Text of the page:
a chasselas to a-doré

Tuesday, September 24, 2013

As many of you faithful readers may surmise, I taste a lot of wines. A lot. I also enjoy beer, amaro, gin, single malt scotch, and the occasional bourbon. Spitting all the way of course!

But inevitably, the constant flow of excellent beverages makes it just a little bit more difficult to be surprised. And surprise, as we all come to realize, is the key to excitement, in virtually all human pursuits of pleasure.

So when a wine surprises me, with its flavor, polish, finesse, uniqueness, and overall style, I tend to get excited. Such a wine was offered to me a few days ago thanks to my friend Matthew Domingo.

The Teutonic Wine Company’s 2012 Chasselas Doré is sourced from a single row of 46-year-old vines at the David Hill vineyard. I’ve long been an admirer of the David Hill wines, notable for their vivid acidity, precision focus, and beautifully-modulated white wines. But a Chasselas from Oregon? That’s a new one on me. And this one is spectacular.

Though the alcohol is under 12%, the wine has no sweetness other than the lovely ripe fruit. Spontaneous fermentation is employed, and it seems to add delicate but important nuances – floral, aromatic, and textural – to the mouthfeel and flavor. The richness of this wine is astonishing – it just explodes with flavor. Streaks and layers of honeysuckle, bee pollen, peach, golden apple, apricot, butterscotch... OK, I’ll stop there, but the wine does not.

This is really a joy. Even after being open for three days the wine still delivers the goods. I do not have any other experience with Teutonic wines, but I look forward to tasting through all of them. The website profiles many of them, and every single one sounds like a wine I’d like to explore.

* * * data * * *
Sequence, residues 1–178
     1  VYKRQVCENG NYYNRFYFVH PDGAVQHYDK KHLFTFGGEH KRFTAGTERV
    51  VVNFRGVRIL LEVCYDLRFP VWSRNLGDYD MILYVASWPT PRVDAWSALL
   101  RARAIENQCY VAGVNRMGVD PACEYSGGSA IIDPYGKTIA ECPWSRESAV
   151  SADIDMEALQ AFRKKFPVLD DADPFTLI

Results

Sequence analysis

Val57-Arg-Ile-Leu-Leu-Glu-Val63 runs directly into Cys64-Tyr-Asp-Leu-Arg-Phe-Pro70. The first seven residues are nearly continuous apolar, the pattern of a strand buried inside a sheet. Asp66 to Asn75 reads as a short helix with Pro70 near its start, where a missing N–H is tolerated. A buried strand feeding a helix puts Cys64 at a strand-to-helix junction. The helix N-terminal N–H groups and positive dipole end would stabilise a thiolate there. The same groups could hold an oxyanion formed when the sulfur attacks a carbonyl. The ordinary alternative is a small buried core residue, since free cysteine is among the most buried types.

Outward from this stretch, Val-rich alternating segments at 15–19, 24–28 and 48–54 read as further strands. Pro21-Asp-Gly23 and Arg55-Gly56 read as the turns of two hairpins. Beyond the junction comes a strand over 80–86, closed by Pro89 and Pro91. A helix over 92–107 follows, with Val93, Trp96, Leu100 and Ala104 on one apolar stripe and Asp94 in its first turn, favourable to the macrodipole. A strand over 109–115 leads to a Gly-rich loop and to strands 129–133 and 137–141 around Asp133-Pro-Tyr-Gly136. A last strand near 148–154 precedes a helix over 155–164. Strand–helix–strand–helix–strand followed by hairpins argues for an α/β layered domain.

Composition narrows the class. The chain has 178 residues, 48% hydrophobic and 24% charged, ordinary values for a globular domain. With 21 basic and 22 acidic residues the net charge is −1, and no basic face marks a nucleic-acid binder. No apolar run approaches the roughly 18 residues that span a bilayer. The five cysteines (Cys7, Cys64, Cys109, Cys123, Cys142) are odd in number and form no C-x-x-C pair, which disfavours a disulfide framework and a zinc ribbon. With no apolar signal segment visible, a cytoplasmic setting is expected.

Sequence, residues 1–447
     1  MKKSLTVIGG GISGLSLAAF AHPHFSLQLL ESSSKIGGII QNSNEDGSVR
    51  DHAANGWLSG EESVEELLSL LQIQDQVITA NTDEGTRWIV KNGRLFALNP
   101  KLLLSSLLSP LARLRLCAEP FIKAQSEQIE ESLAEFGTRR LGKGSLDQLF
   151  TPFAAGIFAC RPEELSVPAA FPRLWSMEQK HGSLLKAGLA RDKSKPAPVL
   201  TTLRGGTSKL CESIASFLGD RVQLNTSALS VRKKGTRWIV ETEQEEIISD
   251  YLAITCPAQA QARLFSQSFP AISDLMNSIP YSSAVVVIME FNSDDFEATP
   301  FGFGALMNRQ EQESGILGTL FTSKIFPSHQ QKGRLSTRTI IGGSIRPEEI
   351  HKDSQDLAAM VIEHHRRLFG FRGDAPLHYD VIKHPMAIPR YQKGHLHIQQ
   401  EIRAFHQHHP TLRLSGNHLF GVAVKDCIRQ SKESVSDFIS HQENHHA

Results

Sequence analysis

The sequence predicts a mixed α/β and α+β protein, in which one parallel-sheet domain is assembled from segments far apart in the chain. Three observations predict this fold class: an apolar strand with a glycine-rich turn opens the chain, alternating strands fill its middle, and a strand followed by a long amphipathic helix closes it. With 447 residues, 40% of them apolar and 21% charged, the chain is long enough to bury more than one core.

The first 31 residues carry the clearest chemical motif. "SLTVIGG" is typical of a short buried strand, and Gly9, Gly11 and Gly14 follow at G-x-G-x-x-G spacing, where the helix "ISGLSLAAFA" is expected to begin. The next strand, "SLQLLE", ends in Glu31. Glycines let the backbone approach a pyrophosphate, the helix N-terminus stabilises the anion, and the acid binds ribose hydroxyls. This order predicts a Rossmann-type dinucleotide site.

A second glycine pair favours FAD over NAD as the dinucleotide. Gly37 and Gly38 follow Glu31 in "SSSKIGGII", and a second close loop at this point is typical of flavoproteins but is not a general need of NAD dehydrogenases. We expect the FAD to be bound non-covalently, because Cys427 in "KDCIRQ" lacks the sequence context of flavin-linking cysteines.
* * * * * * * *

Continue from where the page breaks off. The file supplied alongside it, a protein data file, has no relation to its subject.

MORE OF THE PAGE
There’s an estate-grown Pinot from the Alsea vineyard, located west of the Coast range, close to the sea. Something called Feine Mischung, a blend of Muscat, Gewurztraminer and Pinot Noir. Pinot Gris from Maresh vineyard, and Pinot Blanc from David Hill. A Pinot Meunier made as a still wine. And much more. About the Chasselas the owners write “Oh Chasselas oh Chasselas, why can't we make more Chasselas? Because there are only a few rows of this fruit at David Hill Vineyard and we can only make one barrel of the wine. We're lucky we can make it at all as it used to get thrown into various blends. This wine is in very limited supply so if you're lucky to find a bottle, stash it away for a couple years before drinking – Chasselas peaks after several years in bottle.” Oh well... too late for that!

Bottom line is this – here’s a very promising and creative angle on Oregon viticulture, taking it in a new direction, one that can only add to the prestige and importance of all the outstanding winemaking already in place.


Teutonic Wine Company

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